The additional narrators and occasional sound effects help to bring the action to life. Goldberg’s lively delivery makes her a great companion as you follow Lydia’s journey from home to marriage, through grief, to the discovery of her true calling, and toward renewed hope. Wickett’s Remedy has a sense of immediacy that brought me into Lydia’s life, and inside the influenza epidemic, and quite simply touched my heart. I wish more readers, and audiobook fans, might give it a try, and some of them fall in love with it as I did.
I took the day off from work today so I could do most of the housecleaning I usually do on Saturdays. Tomorrow, I’m going to be READING! Or at least that’s my plan. Even if I don’t read a TON, it feels good to have a good amount of cleaning done, and a block of time when I know I’ll be able to read. At the very least, I want to finish TransAtlantic by Colum McCann, since we’re discussing it at my book group in a few days. After that, it’s all gravy.
Over 400 people have signed up to participate in the 24 Hour Read-a-Thon. I’m so happy to be joining them!
Anais Hendricks, fifteen, is in the back of a police car. She is headed for the Panopticon, a home for chronic young offenders. She can’t remember what’s happened, but across town a policewoman lies in a coma and Anais’s school uniform is covered in blood.Raised in foster care from birth and moved through twenty-three placements before she even turned seven, Anais has been let down by just about every adult she has ever met. Now a counter-culture outlaw, she knows that she can only rely on herself.
I climb up on my oak tree, let myself fall back until I am hanging by my knees, hair trailing across the forest floor. It’s soothing. The trees still have some leaves, all dry and crackly. The rest are mulch. Hundreds of tiny wishes drift through the woods, they sparkle in the dim, and dance up as silver orbs. (p. 157)
I remember I had this amazing bike, a chopper with a flag on the back. I had tae use stabilizers even though I was nine; I learned to ride it so late it was embarrassing.“Why did you not learn before you were nine?” some kid asked me.I wobbled around him with one stabilizer lifting off the ground.“My mum was too busy tae teach me.”“Too busy doing what?”“Your da.”“What?”“And your brother.” (p. 98)
Identity problem. Funny that. Fifty-odd moves, three different names, born in a nuthouse to a nobody that was never seen again. Identity problem? I dinnae have an identity problem — I dinnae have an identity, just reflex actions and a disappearing veil between this world and the next. (p. 86)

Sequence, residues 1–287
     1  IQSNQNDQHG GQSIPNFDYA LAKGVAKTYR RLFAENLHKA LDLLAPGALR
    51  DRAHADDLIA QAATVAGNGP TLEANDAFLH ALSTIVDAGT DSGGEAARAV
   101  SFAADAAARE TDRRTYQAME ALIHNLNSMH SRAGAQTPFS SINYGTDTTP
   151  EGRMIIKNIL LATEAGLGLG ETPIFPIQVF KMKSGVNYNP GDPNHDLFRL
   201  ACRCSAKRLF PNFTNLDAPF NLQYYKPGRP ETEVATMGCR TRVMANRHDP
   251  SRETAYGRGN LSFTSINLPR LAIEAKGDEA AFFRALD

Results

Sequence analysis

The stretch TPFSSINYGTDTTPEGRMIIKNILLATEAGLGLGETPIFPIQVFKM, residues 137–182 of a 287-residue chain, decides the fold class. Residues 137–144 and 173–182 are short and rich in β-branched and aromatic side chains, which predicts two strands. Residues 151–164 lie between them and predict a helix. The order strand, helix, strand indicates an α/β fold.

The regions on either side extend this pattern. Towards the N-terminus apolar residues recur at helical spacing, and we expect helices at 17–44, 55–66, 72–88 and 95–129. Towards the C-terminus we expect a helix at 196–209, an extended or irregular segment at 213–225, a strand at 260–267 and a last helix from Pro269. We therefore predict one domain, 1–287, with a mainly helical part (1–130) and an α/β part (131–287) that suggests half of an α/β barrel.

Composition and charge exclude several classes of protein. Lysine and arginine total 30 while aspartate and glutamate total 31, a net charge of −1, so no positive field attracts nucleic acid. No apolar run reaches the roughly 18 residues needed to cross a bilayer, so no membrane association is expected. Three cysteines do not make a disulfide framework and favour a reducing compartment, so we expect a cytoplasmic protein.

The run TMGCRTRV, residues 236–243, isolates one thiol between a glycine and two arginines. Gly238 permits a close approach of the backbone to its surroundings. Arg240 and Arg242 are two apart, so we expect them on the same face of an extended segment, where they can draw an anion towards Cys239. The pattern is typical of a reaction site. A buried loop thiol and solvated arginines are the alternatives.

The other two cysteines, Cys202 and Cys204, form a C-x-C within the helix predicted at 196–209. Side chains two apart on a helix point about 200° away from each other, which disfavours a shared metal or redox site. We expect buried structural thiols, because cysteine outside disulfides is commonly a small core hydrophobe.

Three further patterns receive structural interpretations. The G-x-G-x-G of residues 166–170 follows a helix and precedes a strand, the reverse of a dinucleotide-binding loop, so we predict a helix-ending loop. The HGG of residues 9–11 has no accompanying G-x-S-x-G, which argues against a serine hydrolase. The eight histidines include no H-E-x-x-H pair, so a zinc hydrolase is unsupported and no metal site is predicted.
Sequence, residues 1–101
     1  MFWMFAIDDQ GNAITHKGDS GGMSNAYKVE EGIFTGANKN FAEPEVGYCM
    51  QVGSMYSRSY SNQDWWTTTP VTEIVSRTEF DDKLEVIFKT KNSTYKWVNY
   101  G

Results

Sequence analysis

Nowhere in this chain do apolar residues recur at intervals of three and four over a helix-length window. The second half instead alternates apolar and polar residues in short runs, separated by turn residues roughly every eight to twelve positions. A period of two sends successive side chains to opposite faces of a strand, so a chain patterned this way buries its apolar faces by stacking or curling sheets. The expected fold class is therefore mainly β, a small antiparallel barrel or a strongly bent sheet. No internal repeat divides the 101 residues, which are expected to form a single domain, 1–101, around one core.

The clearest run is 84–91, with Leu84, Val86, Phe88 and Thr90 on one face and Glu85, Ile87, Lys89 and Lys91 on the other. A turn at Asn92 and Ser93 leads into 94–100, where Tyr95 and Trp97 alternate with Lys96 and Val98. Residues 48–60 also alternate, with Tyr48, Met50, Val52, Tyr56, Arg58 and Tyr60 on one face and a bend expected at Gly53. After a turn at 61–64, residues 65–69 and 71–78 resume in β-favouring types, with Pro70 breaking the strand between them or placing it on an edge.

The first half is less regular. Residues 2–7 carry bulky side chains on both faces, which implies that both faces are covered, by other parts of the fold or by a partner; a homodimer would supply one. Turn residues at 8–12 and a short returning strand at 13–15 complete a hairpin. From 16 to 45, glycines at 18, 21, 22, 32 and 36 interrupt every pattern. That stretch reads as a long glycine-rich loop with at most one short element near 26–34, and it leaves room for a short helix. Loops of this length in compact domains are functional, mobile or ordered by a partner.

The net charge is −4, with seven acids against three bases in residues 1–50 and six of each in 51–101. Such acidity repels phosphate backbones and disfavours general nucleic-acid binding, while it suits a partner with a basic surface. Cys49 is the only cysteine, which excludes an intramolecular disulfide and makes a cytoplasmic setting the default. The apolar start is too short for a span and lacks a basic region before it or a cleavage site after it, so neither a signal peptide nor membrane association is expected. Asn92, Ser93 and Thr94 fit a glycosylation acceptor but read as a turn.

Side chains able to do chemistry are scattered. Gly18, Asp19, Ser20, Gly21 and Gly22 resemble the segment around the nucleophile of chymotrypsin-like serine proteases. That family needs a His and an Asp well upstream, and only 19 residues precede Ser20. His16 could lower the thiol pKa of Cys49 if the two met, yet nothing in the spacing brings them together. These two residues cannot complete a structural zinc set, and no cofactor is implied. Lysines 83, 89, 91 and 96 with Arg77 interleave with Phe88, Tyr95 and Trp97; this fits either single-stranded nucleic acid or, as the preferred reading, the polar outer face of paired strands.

I received an advance reader’s edition of The Spark: a Mother’s Story of Nurturing Genius, by Kristine Barnett, through the LibraryThing Early Reviewers program. The quotes in my review are from that advance copy, and might differ slightly from the published book. The back cover gives a good overview:
Kristine Barnett’s son Jacob has an IQ higher than Einstein’s, a photographic memory, and he taught himself calculus in two weeks. At nine he started working on an original theory in astrophysics that experts believe may someday put him in line for a Nobel Prize. Last summer, at age twelve, he became a paid researcher in quantum physics. But the story of Kristine’s journey with Jake is all the more remarkable because his extraordinary mind was almost lost to autism. At age two, when Jake was diagnosed, Kristine was told he might never be able to tie his own shoes.
It took a while for the book to arrive, and then it took ME a while to work it into my reading priorities, but when I finally got started on it, I was completely absorbed. In the first twelve to fifteen months of his life, Jacob Barnett was a normal, happy, affectionate baby, with occasional hints of above average intelligence: Kristine writes, “He learned the alphabet before he could walk, and he liked to recite it backward and forward” (p. 13). But around 14 months old, Kristine and her husband Michael began to notice small changes in Jake. He talked less, smiled less, and became generally less interested in other people. Kristine ran a home daycare, and the other children treated Jake as their younger sibling. During that first year, he loved interacting with the other kids, and trying to do the things they did, but by the time he reached about 15 months old, they could barely get his attention. Instead, he was fascinated by shadows, by the play of light and dark on the walls.
Kristine describes how Jake is gradually swallowed up into autism, to the point where he stopped speaking for a couple of years. Kristine and Michael initially resist the diagnosis, but not for long: all the signs are there. The first formal evaluation results in a diagnosis of Asperger’s syndrome, but after the second evaluation, before Jake’s third birthday, the diagnosis is revised to “full-blown, moderate to severe autism” (p. 32). The therapist who conducted the second evaluation explained that “Jake had likely been diagnosed with Asperger’s (a mild form of autism characterized by relatively high functioning) instead of full-blown autism because his IQ was so high — a shocking, off-the-charts 189 on the Wechsler Intelligence Scale for Children” (p. 32).